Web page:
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Local attorney named to Obama’s policing panel

LOS ANGELES – Constance Rice, a civil rights attorney who served on the review panel that investigated the Los Angeles Police Department’s Rampart Division corruption scandal, was among 11 people chosen by President Barack Obama to serve on a Task Force on 21st Century Policing.
The task force was created in part in response to recent tension and protests that broke out across the country after grand juries failed to indict two white police officers in the police killings of unarmed black men in New York and in Ferguson, Missouri.
The committee, which Obama created by executive order, is being billed as an effort to strengthen community policing and bolster trust between law enforcement and the communities they serve. Chaired by Philadelphia Police Commissioner Charles H. Ramsey, the panel includes community activists, youth leaders and academics.
“These fine public servants bring both a depth of experience and tremendous dedication to their new roles,” Obama said. “Our nation will be well-served by these men and women, and I look forward to working with them in the months and years to come.”
Obama said the task force will examine how to strengthen public trust and foster strong police-community relationships. It also will promote effective crime reduction, he said.
The committee will convene listening sessions where members will hear testimony — including proposed recommendations for consideration — from invited witnesses and also receive comments and questions from the public. The first session will be held in Washington, D.C. in mid-January. Other such sessions are being scheduled.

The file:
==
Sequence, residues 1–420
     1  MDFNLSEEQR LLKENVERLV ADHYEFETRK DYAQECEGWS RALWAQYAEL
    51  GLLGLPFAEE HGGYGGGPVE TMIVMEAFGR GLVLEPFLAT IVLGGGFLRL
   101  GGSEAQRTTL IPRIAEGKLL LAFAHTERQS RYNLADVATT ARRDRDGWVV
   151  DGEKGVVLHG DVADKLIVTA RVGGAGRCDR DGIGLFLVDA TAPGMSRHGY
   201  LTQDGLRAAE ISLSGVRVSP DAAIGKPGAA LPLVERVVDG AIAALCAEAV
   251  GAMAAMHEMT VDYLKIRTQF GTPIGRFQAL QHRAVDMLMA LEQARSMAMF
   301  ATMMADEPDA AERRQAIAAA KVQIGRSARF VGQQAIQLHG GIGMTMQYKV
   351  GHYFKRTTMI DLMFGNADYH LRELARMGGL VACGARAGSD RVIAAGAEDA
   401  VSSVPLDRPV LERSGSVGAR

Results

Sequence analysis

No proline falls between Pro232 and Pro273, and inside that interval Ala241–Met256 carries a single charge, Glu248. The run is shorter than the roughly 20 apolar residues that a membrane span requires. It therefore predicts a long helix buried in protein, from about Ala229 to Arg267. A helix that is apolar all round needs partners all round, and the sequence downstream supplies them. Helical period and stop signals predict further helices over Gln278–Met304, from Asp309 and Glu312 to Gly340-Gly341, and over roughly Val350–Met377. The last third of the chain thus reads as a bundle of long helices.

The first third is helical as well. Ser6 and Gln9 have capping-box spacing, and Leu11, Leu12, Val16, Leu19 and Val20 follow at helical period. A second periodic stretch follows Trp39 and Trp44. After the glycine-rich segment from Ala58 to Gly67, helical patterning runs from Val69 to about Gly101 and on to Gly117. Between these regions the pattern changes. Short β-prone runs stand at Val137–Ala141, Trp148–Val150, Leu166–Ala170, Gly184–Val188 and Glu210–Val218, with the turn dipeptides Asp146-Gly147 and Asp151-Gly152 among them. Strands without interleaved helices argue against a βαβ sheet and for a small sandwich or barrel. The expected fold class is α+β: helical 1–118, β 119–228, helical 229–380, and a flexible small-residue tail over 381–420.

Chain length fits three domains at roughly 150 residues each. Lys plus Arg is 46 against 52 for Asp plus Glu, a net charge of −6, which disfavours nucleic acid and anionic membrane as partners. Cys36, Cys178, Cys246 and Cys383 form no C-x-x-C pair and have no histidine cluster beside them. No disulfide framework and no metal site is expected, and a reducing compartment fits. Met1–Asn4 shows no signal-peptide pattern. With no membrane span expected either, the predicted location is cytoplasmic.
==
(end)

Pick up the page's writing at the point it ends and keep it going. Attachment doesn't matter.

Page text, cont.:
Obama asked the group to prepare an initial report with recommendations by March.
Rice, meanwhile, is widely considered to be an ideal selection for the committee.
She began working with the NAACP Legal Defense Fund in 1991, and became co-director of its Los Angeles office in 1996. Three years later, she co-founded the Advancement Project civil rights organization.
As an attorney, she filed cases that resulted in mandates for improved bus service and increased school-construction spending in low-income communities.
She was chosen by then-LAPD Chief Bill Bratton to sit on the Blue Ribbon
Rampart Review panel.
She also conducted a review of the city’s anti-gang programs, and more recently took part in the LAPD’s review of the firing of Officer Christopher Dorner, who claimed he was wrongly terminated and went on a killing spree that ended with his death in a San Bernardino County cabin.

City News Service contributed to this report.

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